My friend's parents kept the Omni (it could have been a Horizon too, can't remember exactly) a while. Once the initial problems were taken care of, I think it was okay. IIRC they were carb related. I think it was an 87 or 88. But I do remember it was one of the model years that was released about a year early.
  • fintailfintail Posts: 33,956
    edited January 2013
    My brother's was an "Expresso" slushbox model that my mom dumbly cosigned for when he was 18. I drove it for a short jaunt once - I remember the coarseness, and somehow the interior plastics seemed to be grained in a way that absorbed dirt. I don't think he had any mechanical failures, but maybe he too tired of the noise, and the payments.

    My dad's Horizon was an older one, maybe closer to a 1980 model. I don't remember it ever failing, but I was a little kid when he had it. Replaced with an S-10 Blazer that was more troublesome.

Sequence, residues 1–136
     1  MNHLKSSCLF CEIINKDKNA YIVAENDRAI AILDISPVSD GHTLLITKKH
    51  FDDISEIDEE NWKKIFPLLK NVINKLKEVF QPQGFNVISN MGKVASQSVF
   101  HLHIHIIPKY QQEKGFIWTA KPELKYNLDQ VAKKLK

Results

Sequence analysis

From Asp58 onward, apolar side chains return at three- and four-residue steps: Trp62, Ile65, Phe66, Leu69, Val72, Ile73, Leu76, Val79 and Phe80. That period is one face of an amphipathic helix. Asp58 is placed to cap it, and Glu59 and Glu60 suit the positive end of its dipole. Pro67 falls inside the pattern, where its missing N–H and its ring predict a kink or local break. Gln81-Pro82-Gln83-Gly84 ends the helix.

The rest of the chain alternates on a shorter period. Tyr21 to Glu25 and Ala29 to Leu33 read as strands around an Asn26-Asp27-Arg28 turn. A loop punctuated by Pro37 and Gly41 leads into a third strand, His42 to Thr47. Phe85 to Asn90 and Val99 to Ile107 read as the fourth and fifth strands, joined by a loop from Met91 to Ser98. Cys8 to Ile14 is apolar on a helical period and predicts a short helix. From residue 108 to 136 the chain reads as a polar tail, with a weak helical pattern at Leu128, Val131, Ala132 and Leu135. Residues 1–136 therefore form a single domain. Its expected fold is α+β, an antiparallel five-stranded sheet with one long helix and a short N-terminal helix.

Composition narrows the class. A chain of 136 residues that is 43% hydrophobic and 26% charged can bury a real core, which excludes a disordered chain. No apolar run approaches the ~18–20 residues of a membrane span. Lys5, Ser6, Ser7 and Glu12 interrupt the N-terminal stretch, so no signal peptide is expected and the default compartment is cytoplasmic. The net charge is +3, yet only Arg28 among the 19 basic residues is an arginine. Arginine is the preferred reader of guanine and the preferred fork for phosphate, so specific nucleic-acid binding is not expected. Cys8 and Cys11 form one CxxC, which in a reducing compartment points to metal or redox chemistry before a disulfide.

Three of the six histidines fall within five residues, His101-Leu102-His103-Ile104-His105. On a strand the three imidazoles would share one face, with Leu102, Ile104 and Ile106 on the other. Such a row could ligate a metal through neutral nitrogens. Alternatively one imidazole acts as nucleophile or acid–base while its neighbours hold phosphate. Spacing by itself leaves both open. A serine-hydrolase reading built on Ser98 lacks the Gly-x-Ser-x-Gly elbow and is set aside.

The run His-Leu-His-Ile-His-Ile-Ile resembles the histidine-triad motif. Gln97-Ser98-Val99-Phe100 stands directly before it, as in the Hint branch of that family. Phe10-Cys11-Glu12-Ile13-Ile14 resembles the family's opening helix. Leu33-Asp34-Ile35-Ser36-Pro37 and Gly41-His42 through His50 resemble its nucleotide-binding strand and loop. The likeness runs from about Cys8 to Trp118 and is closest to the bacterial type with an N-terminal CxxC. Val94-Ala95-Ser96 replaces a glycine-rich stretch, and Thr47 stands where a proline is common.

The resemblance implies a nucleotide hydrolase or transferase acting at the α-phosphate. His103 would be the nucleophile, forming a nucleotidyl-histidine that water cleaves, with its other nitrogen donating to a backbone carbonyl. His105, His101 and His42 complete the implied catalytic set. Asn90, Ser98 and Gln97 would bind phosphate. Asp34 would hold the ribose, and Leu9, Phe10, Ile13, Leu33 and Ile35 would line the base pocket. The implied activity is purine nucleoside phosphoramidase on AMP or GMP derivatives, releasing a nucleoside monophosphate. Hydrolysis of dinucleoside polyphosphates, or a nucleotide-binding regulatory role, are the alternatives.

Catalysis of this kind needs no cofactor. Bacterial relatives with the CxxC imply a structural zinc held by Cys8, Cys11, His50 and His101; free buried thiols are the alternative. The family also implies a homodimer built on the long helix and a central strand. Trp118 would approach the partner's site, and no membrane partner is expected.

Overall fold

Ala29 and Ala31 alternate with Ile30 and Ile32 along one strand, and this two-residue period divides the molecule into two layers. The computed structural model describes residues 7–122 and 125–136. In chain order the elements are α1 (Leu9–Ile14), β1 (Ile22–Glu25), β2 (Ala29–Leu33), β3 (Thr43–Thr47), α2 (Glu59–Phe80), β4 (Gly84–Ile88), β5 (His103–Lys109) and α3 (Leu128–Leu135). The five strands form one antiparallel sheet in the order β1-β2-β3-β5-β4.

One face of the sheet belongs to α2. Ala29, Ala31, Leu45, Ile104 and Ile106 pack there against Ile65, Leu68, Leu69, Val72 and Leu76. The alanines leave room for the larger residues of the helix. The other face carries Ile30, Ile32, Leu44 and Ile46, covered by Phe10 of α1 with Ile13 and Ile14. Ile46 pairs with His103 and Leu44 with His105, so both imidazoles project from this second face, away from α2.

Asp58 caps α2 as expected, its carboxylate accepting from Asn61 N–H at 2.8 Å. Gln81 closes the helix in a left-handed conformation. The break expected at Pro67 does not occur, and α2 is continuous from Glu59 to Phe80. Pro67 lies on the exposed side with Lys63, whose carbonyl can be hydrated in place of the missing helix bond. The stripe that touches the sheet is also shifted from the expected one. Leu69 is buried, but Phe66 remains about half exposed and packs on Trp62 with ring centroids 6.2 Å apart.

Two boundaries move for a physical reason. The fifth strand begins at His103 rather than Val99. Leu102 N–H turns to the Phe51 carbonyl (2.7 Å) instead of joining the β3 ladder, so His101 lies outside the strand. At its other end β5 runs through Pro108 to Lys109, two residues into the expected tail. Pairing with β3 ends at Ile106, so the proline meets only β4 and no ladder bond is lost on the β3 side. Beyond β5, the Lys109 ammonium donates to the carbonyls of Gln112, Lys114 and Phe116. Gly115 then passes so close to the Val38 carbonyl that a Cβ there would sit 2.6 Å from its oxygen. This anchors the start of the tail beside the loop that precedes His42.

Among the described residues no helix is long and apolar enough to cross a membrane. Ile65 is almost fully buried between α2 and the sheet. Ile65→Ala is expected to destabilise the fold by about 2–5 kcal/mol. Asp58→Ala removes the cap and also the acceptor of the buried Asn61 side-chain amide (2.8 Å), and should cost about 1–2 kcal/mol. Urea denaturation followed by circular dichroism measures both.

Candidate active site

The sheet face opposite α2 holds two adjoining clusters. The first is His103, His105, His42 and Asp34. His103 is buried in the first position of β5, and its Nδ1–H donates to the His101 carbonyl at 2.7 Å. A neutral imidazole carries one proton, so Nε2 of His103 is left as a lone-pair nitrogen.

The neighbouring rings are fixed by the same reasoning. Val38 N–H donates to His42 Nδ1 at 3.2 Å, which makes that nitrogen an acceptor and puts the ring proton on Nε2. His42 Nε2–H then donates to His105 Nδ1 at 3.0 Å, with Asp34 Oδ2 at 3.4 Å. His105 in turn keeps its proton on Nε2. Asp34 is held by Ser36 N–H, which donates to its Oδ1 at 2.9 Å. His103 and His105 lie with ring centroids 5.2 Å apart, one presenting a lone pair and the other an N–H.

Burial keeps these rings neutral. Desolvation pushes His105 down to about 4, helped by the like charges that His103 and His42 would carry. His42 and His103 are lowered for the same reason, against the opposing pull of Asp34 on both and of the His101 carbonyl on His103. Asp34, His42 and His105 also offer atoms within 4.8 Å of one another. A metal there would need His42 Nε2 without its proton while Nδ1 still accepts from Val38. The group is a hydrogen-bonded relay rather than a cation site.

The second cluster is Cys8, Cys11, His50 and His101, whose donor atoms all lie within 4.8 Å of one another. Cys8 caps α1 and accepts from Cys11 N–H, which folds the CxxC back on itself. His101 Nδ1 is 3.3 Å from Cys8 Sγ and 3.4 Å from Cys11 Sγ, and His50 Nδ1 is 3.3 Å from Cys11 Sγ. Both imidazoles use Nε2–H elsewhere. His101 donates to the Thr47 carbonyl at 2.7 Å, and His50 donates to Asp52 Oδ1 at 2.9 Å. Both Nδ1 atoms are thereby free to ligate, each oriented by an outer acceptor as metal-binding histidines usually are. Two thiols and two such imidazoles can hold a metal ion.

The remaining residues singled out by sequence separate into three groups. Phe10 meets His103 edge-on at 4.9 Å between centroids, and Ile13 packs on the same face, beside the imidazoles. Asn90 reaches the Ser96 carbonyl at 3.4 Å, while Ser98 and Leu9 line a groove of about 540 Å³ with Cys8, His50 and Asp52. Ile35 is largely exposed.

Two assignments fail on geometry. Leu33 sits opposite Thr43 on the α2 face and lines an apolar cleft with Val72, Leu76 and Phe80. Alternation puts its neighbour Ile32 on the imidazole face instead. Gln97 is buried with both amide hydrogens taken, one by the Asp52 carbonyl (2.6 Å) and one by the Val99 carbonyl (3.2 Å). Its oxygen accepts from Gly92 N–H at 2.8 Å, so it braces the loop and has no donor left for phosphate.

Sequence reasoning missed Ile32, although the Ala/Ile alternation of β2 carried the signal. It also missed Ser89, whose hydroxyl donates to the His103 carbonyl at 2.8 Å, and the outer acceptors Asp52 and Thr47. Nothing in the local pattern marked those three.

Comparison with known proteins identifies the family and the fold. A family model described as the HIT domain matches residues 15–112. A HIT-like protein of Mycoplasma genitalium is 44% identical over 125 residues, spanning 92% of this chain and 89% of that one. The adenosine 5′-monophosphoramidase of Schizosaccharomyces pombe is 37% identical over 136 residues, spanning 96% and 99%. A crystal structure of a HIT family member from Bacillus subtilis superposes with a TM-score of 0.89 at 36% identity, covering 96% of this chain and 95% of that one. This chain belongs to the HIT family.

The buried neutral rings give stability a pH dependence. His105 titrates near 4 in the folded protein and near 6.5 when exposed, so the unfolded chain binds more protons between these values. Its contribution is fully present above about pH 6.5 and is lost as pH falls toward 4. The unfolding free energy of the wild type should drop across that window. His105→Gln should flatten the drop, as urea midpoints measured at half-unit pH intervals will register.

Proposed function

• uplanderguyuplanderguy Kent, OHPosts: 7,494
    edited January 2013
    ...concerning quality....that was the one car that probably did the most to erase twenty-five years of goodwill the Beetle had built for VW. That's no joke.

    A coworker of mine bought a new '81 Scirocco. I remember it cost the same as my new Monte Carlo. Obviously, two different types of cars, but I remember, besides the no rear legroom (which I shouldn't expect in a car like that), that the instrument panel waved at you when you let up on the clutch.

    I wouldn't classify the Corvair as a 'failure' as xrunner did...it was widely referred to all over the place as "Poor Man's Porsche". Seriously. Read some reviews of the Corsa models. I've also read a reviewer that said it was what small cars of the '70's should have been but weren't.
  • uplanderguyuplanderguy Kent, OHPosts: 7,494
    Well obviously, but I think you know who employs more white-collar people of all levels, more assembly-line workers, and more suppliers in the U.S. And more production is coming to the U.S.--a good thing.

    Yeah, I'm so glad Ford is around.


    It's exhausting having to correct you so often. ;)
  • andre1969andre1969 Posts: 22,051
    I wouldn't classify the Corvair as a 'failure' as xrunner did...

    I'd call it "flawed", but not a failure. If it was a failure, GM would have dropped it after a few years. But, it held out for ten model years, which is pretty incredible considering it had to share the market with the Chevy II starting in 1962, and the market got further segmented when the Camaro came out for '67.